Do you want to make your own epoxy resin? It’s easier than you think! In this blog post, we will discuss the materials that you need to get started.
We will also talk about the different types of epoxy resin, and how to choose the right one for your project. Let’s get started!
Table of Contents
What do you need to make resin?
Resin is a relatively easy material to use, but it is also important that you have all the right materials at hand.
Epoxy resin can be processed very well with the help of the following items:
– gloves, disposable or household gloves that you only use when processing resin (the resin will not come off the plastic)
Use a glass or porcelain bowl for example, or other non-reactive material such as wood, rubber, silicone, and some types of plastic.
You even have special mixing cups available made from polyethylene terephthalate (PET).
The material is hard enough to resist scratching from stirring devices but flexible enough to be squeezed out of tight corners once it has cured.
These are usually sold together with special mixing sticks that are strong enough to crush the hardening components, but flexible enough for easy cleaning and removal.
– a stirrer (such as a wooden stick), with which you can mix the two parts of the epoxy resin well together.
It is best to use disposable wooden stirring spoons or spatulas because it is not possible to remove all residual resin from these after processing.
In addition, it is wise to only use items that do not react with chemicals in any case.
Do this until there are no more lumps visible and you have achieved an even mixture of both components A and B.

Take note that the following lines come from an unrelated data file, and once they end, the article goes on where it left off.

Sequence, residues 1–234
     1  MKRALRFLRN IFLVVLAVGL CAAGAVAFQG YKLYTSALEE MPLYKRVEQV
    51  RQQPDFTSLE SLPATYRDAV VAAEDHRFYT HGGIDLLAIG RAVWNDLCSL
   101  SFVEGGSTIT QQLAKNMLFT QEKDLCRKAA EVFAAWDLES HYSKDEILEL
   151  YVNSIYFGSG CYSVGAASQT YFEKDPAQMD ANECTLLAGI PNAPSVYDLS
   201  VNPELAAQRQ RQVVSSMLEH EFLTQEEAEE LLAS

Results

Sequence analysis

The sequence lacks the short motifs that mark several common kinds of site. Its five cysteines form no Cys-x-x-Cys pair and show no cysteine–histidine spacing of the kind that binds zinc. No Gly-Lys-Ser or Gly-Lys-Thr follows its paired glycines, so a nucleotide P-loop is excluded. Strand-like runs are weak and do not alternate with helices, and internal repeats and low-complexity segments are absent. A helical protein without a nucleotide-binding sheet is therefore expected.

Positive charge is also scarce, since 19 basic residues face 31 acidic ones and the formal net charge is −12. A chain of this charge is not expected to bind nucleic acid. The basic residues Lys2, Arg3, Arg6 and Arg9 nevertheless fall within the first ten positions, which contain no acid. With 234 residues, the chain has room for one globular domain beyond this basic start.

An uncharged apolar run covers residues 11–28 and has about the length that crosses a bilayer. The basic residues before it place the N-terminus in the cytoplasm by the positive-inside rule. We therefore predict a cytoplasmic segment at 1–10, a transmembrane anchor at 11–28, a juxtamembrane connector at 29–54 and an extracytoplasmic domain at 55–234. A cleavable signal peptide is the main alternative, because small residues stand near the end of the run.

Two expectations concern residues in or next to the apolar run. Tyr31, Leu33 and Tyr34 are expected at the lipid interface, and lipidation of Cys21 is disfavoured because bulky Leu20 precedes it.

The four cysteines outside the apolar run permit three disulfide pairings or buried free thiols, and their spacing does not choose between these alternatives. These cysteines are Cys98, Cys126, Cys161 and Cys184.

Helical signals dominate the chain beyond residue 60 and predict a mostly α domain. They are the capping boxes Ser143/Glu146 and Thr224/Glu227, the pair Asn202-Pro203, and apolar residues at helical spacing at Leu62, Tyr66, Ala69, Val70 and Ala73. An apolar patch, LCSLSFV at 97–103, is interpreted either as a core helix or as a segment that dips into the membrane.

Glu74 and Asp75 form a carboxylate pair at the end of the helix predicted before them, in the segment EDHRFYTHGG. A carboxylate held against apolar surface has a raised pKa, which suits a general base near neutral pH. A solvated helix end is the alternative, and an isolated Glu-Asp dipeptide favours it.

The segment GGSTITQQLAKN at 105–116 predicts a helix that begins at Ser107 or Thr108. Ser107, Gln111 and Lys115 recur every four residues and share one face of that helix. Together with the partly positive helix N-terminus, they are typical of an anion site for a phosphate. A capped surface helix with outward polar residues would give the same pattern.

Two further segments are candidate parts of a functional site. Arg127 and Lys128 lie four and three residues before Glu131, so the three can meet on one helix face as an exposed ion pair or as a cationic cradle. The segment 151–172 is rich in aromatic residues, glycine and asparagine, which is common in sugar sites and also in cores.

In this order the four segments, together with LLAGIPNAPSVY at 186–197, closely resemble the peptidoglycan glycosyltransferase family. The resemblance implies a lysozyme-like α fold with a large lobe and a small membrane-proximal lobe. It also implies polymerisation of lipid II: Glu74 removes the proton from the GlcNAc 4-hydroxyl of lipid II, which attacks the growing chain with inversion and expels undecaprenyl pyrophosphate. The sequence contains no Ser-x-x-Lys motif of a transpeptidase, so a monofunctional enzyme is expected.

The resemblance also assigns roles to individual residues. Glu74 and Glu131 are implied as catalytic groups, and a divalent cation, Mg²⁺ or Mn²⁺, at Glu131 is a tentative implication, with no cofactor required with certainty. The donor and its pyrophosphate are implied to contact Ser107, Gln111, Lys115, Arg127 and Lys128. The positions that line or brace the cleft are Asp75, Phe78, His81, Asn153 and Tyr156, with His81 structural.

You should never use steel or metal utensils when working with resins; they will corrode over time due to the reaction with the chemicals in resins.
– a mold for your resin projects, such as silicone molds or siliconized paper or cardboard forms.
As mentioned earlier, you should never use metal containers to work with epoxy resin because they can react with it and cause unwanted chemical reactions.
Silicone molds are available in many different sizes and shapes; you can use them over and over again until they wear out due to the aging of the material (in which case they become brittle).
You also have siliconized paper available that is heat resistant up to 240C degrees and will therefore not stick when working at high temperatures (such as when making jewelry).
These products are usually coated on both sides so that no additional preparation is required and you can easily remove the finished product.
– heat guns or hair dryers to evaporate any air bubbles that may have arisen during the mixing process.
These bubbles can form because of the chemical reaction between the two components A and B when they are mixed together, but also by pouring resin too quickly into a mold or onto other objects (causing air pockets in between).
You will see these tiny bubbles appear on the surface as soon as you start mixing; once your work is fully cured, they stay visible in your final project and make it look less attractive.